How Expedition Bigfoot tracks the big beast with drones and algorithms
On Travel Channel's new show, survivalists, scientists and researchers use the latest high-tech gadgets to look for the elusive Sasquatch.
Journalist Bonnie Burton writes about movies, TV shows, comics, science and robots. She is the author of the books Live or Die: Survival Hacks, Wizarding World: Movie Magic Amazing Artifacts, The Star Wars Craft Book, Girls Against Girls, Draw Star Wars, Planets in Peril and more! E-mail Bonnie.
There have been plenty of Bigfoot-themed shows in the past, but the cast of Expedition Bigfoot thinks they have a unique approach.
The researchers use tech tools to analyze five decades of Bigfoot sightings. With this data, they try to pinpoint when and where to encounter this mysterious beast.
"What sets us a part is we used a completed algorithm that tells us where Bigfoot is going to be -- and when is going to be there, which gave us a tremendous advantage," Johnson said.
Throughout the series, the team works from a remote location in a 90,000-acre area of land in central Oregon, studying possible nesting sites, footprints and vocalizations that could end up giving them the evidence they need once and for all.
Each episode has the team investigating areas in the Oregon forest zones that have the most sightings, which can include possible nests -- specific areas where trees and branches are deliberately broken to make a crude shelter.
"We also embed ourselves in this territory for an extended period time," Mayor said. "That's really how you would conduct any legit scientific expedition. And all of the technology we had at our disposal is unlike anything I've ever seen -- an artillery of tools most scientists don't have the advantage of having."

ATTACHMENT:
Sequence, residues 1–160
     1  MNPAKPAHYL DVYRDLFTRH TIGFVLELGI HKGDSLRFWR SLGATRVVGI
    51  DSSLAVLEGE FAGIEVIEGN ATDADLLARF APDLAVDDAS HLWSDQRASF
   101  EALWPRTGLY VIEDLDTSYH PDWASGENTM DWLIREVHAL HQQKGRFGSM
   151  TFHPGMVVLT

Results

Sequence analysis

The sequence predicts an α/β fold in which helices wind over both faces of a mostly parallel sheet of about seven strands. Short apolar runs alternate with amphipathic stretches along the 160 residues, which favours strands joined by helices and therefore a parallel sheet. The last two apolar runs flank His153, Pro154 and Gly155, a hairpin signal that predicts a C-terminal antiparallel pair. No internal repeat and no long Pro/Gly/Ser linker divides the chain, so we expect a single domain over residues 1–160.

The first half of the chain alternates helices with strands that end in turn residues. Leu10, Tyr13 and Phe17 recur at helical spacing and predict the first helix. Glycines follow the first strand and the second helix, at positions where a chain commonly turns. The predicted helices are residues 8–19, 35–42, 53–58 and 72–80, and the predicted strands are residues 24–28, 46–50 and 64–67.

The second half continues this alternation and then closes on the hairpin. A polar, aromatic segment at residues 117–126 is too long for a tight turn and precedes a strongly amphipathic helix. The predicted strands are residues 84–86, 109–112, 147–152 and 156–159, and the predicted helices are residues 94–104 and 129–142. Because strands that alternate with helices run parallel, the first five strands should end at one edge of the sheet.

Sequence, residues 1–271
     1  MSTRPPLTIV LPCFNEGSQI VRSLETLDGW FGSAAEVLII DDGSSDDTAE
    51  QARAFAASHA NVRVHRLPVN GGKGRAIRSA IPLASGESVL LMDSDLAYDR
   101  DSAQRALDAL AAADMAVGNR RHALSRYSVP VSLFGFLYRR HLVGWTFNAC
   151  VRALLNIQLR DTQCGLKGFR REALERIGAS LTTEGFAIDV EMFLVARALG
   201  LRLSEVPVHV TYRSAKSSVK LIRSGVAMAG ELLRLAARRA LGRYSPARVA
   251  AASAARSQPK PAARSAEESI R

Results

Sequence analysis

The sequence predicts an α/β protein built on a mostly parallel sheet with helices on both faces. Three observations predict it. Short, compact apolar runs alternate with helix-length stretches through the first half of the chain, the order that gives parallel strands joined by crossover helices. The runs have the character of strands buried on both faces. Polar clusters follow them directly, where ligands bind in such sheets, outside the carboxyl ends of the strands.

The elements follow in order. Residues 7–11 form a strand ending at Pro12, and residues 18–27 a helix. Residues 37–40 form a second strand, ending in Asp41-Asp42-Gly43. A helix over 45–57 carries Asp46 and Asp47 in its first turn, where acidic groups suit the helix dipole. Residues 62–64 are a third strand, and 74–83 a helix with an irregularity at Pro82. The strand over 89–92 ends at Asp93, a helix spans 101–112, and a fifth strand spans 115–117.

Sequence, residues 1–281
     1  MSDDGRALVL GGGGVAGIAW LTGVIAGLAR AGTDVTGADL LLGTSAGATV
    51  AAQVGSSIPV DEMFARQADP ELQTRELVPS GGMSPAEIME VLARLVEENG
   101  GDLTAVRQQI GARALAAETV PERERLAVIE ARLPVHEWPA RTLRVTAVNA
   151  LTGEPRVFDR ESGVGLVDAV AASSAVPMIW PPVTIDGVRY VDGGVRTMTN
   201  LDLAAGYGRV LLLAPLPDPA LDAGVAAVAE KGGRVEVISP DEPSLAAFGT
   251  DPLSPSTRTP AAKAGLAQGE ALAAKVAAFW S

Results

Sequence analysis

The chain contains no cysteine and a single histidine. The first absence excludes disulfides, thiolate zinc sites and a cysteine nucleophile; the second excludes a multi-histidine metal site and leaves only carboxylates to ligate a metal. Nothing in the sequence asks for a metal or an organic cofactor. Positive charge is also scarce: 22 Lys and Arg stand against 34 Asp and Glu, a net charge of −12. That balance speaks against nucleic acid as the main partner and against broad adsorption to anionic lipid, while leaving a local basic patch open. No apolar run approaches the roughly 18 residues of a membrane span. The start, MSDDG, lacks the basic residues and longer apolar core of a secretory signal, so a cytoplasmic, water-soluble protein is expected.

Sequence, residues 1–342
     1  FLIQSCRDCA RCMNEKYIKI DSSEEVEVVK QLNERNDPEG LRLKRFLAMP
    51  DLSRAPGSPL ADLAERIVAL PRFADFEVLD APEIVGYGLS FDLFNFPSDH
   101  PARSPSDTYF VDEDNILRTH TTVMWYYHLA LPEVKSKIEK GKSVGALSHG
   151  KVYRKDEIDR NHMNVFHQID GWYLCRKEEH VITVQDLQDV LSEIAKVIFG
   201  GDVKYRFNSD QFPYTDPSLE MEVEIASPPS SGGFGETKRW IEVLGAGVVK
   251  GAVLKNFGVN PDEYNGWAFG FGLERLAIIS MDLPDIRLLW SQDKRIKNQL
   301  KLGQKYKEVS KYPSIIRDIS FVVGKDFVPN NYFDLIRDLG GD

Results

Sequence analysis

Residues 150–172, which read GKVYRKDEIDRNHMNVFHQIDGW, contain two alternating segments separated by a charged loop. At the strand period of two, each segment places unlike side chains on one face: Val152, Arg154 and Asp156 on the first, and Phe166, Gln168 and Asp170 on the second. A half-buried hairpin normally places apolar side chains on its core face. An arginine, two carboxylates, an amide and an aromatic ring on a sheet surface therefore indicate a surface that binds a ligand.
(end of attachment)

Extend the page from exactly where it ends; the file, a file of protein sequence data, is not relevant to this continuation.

Some of the tools used on the show include
to capture aerial footage, thermal scopes, trail cameras, 3D image scanners and night vision goggles. The team also uses Ozonics, which when sprayed on the team's clothes and vehicles eliminate the human scent that could alert Bigfoot to their presence.
In one episode, the team finds large animal footprints that could be possible Bigfoot evidence. They use a 3D scanner to take a high-definition image that they can look at more closely using more sophisticated equipment.
But even with their arsenal of high-tech gadgets, the team still faced quite a few challenges during their quest to find usable evidence to prove the existence of Bigfoot.
"The most difficult part for me was having to deal with so many 'unexplainables,'" Mayor said. "As a scientist, I can pretty much figure out an explanation for anything. There were things on the expedition that we saw or that happened to us that science couldn't explain.
Another challenge was the way rain, hail and the cold affect animal behavior, Mayor added.
"Animals tend to bunker down and be more silent and sound in this weather," she said. "When animals are perfectly still, it really reduces your chances of being able to see them."
In addition, rain makes the ground softer, a challenge when you're traversing rugged terrain hauling a heavy pack. "That can become water logged, and become quite heavy," Acord said.
Challenges aside, the team hopes to shed more light on the Bigfoot legend and remind viewers the creature might not just be an eerie campfire tale after all.
"Bigfoot represents that parts of the world are still unexplored," Johnson said. "That's a big appeal of Bigfoot. There are still animals and creatures out there to discover. The unexplainable still exists -- the idea that monsters can still roam the woods."
Meanwhile, sightings continue, with two in Massachusetts' Leominster State Forrest over the last six to seven months, according to LeBlanc. "There is something out there physically leaving tracks and hair samples," LeBlanc said.